On the fourth day of Christmas, Retro gave to me…
…a Christmas story done by Archie Comics.
Now, last year when I started reading the Fleetway Christmas comics, I must admit a small corner of my mind was tickled by the concept. I mean, the idea of the Christmas special isn’t something new. We’ve all seen Charlie Brown buy the saddest tree in existence. We’ve watched the Grinch steal Christmas at least 40 times. And who knows how many times we’ve been forced to watch It’s A Wonderful Life? Now, what all these share is that they are just moments in time, and are always repeated but never changed. Sonic the Comic, on the other hand, tried to make it a yearly tradition to always come up with something new to usher in the holiday season. That’s when a small part of me wondered aloud, “Why didn’t Archie ever do anything like this? They’re a comic book, too!”
So when I started my game adaptation reviews, I was floored to see that, indeed, they had done a Christmas special. One that I completely forgot about.
Issue #6 of the Sonic the Hedgehog comic from Archie, if it’s remembered at all, is for the Sonic Spinball adaptation, which is also the cover story. But backing it up – and actually taking up more pages – is “Sonic’s Christmas Carol.” Written by Angelo Decesare and drawn by Dave Manak, it’s what you can guess from the title – an adaption of the Charles Dicken’s classic, A Christmas Carol. It’s been adapted hundreds of times, from Scrooged to Magoo to frightening psudo-Jim Carrey. I guess I shouldn’t have been caught off guard, but I couldn’t help it. Seeing Sonic on the top of the page announcing to everyone where the source material came from but saying his version is the fastest, the only thing I could wonder is what the person at Sega of America thought when they were forced to read this to make sure everyone stayed in character.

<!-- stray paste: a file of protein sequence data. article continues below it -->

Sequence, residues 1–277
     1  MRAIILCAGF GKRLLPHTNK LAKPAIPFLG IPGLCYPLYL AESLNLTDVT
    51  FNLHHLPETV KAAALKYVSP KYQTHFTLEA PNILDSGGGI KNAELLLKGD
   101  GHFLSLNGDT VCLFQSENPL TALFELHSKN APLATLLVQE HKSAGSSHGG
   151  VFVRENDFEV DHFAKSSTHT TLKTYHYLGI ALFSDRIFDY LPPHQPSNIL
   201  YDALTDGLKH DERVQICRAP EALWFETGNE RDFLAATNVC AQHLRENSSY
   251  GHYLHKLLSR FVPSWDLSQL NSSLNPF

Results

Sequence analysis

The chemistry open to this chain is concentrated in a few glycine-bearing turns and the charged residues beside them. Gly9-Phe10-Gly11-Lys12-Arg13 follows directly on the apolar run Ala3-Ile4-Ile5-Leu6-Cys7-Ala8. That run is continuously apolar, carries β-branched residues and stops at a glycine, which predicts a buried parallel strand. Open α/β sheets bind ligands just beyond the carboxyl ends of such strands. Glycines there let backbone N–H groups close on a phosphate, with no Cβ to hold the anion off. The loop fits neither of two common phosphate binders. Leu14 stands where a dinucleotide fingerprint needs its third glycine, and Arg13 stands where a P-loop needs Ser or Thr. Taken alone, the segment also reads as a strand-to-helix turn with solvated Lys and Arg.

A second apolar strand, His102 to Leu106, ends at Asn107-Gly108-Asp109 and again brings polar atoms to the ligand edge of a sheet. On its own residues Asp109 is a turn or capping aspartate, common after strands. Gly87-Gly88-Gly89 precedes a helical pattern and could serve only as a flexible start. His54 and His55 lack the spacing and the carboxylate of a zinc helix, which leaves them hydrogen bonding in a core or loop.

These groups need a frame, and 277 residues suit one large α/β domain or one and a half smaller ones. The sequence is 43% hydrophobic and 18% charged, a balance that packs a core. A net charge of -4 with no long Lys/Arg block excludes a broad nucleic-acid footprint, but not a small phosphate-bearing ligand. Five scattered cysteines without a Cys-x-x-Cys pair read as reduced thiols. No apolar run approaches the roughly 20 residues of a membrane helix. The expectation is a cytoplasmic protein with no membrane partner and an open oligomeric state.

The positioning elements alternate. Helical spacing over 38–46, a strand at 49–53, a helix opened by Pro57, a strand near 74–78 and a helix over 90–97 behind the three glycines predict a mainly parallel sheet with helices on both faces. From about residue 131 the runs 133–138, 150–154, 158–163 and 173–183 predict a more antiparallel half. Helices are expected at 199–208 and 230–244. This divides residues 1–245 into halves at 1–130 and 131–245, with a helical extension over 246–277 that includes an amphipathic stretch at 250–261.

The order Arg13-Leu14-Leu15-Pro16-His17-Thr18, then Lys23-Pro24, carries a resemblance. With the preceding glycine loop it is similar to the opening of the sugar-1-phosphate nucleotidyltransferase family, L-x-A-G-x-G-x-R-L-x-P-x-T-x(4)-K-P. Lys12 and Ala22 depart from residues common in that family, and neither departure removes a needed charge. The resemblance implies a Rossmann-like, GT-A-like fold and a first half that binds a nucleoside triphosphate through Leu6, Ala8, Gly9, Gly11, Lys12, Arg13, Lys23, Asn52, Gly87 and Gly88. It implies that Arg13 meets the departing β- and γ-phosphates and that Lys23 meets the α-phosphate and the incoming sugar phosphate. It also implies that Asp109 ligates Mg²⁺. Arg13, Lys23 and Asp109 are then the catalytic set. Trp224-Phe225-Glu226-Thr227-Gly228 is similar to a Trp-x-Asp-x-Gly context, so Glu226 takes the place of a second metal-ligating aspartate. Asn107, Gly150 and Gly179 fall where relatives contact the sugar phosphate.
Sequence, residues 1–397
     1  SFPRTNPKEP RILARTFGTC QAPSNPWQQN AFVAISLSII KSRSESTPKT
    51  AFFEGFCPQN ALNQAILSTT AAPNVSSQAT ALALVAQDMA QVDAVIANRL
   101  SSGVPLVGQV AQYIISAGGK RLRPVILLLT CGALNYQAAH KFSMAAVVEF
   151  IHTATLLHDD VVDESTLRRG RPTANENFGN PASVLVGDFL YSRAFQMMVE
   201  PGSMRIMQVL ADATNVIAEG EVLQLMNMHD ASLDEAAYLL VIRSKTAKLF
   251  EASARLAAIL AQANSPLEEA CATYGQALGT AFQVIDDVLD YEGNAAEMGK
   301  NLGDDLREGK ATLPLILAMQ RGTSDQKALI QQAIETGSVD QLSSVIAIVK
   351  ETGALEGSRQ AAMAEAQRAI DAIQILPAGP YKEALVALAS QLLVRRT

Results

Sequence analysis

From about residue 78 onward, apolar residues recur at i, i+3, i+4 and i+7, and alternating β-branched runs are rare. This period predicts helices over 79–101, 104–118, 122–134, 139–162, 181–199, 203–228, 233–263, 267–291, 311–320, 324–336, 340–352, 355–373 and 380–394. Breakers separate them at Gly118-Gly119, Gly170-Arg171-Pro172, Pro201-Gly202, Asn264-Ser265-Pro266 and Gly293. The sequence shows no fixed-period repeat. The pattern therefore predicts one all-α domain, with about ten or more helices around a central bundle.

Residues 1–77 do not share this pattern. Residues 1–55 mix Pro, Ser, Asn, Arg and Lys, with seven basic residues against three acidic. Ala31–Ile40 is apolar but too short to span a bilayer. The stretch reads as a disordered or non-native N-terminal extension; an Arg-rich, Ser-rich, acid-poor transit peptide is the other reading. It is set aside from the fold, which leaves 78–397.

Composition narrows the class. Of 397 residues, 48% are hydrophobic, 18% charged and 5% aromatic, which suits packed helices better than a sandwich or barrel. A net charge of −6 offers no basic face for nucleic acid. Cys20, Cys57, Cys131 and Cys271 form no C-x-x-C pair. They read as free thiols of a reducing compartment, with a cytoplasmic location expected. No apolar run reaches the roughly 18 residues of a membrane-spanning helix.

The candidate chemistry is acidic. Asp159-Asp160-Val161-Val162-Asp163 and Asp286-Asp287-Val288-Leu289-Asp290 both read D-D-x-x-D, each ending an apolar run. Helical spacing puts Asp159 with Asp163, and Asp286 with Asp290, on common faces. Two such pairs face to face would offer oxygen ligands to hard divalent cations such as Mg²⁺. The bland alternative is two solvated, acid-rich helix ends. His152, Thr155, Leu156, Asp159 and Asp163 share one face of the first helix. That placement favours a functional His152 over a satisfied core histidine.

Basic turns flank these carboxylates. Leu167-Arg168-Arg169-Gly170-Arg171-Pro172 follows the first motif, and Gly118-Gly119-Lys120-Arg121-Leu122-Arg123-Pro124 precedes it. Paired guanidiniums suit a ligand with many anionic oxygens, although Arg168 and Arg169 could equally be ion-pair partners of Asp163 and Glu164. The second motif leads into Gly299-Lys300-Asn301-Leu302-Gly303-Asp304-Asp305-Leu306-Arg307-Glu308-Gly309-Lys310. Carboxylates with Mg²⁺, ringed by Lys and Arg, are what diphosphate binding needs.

After Sonic’s introduction, we get to see our version of Scrooge, played by none other than Dr. Robotnik. I mean, if you’re going to use someone as the villain of the piece, you have to go with Robotnik, though to be fair Scrooge was more a misguided man. Someone who thought money was the source of happiness, when it fact it wasn’t. But I’m getting ahead of myself here. Sitting behind his desk, Robotnik Scrooge is asking if Rotor Cratchet had called him a “penny-pinching, tight-fisted, evil miser.” While he is actually pinching pennies in his hands. Before you can wonder what the subliminal implications of such an act could be, Rotor replies that, no, he just wants to know when Robotnik will pay for the roof to get fixed, since the snow keeps on coming down. Sure enough, we get to see the visual, with Robotnik freaking out about how he’ll decide on when to spend his money. Not sure why he isn’t affected by the cold, but you know. These things happen.
Taking advantage of Robotnik’s good mood (wait what), Rotor decides to ask his evil boss if he can take the day off, because he wants to spend Christmas with his family. As you can probably guess, Scrooge takes offense to the very suggestion, going on about how he needs his factory to be running at full capacity so he can turn everyone into robots. That…wait, how do you get paid for something like that? Those Mobians don’t look all that freaked out about getting robotocized. Did they pay for this service? Why would you want to turn into a robot!